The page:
The Oral Health Foundation’s annual campaign National Smile Month kicks off this week and is raising awareness of the importance of maintaining a healthy smile. Poor dental health can cause big problems to your overall physical health. Problems that can be brought on or made worse are heart and lung disease, strokes and diabetes. It can even lead you to giving birth to a premature baby.
If you have gum disease, you are almost twice as likely to have coronary artery disease than people who don’t have gum disease. This is because bacteria from a mouth with gum disease can get into the bloodstream. The bacteria produce protein which affects the heart by making blood platelets stick together in the blood vessels of the heart. This makes clots more likely, reducing normal blood flow. In extreme cases this can cause a heart attack.
Some chest infections are thought to be caused by breathing in fine droplets from your throat and mouth into the lungs. This can cause infections like pneumonia or can make an existing lung condition worse. If you have gum disease you have more bacteria in your mouth so you may be more likely to get chest infections.
Studies have found that people who have had a stroke are more likely to have gum disease than people who have not had one. This is because bacteria from gum disease produce protein which can cause inflammation of the blood vessels, blocking blood supply to the brain, which in turn can cause a stroke.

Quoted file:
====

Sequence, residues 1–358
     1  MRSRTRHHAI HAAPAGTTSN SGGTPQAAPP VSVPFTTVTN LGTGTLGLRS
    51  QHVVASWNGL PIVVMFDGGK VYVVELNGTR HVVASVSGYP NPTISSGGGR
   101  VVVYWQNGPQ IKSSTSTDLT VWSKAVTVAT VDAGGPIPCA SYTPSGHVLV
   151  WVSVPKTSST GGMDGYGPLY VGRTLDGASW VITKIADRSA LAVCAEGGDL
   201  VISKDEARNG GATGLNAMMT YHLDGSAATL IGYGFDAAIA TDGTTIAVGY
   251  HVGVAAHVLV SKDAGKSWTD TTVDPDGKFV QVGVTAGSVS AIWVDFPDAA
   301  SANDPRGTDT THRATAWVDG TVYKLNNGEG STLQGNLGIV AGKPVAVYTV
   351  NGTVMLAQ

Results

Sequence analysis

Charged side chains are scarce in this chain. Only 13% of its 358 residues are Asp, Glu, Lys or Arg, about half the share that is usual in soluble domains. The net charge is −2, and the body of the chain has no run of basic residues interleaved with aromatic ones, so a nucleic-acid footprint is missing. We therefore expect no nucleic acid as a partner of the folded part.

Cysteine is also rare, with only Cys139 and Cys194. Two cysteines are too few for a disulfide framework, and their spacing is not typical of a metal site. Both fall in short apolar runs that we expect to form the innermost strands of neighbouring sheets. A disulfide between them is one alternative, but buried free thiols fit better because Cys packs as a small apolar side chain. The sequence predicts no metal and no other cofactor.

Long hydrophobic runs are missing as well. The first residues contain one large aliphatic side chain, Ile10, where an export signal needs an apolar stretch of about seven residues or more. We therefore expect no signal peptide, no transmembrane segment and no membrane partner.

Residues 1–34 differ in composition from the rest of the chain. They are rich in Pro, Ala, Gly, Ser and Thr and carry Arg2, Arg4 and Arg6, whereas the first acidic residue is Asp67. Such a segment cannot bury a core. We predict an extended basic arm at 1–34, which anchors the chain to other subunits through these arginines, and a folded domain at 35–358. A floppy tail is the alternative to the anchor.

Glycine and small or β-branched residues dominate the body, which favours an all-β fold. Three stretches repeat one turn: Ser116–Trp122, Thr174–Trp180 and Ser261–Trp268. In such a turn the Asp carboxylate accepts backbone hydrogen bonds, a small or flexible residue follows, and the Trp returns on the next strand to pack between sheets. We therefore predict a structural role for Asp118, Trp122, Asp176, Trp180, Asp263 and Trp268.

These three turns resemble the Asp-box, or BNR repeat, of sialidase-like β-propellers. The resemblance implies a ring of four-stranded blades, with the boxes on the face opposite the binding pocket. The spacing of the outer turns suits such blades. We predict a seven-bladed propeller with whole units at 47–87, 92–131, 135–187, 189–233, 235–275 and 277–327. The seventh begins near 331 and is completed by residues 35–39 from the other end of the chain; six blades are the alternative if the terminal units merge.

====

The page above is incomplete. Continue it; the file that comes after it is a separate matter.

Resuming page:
If you are diabetic, you are more likely to have gum disease than non-diabetics. This may be because you are more prone to infection in general. Some research has also shown that if you have gum disease you are more likely to develop diabetes. If you do have diabetes it’s really important to take your oral health seriously as gum disease can increase your blood sugar. You may heal more slowly too. If you have diabetes or you are worried about developing it, you should discuss this with your dentist.
Not many people know that if you are pregnant and have gum disease you may be over three times more likely to have a premature baby. There is a one in four chance that a pregnant woman with gum disease will give birth before 35 weeks. Having gum disease treated properly when you are pregnant or before you get pregnant can reduce the risk of premature birth. Don’t forget that dental care is free when you are pregnant.
Revive Dental Care welcomes new NHS patients to join us at our practices in Monton, Davyhulme, Bexley Square Salford and Ancoats.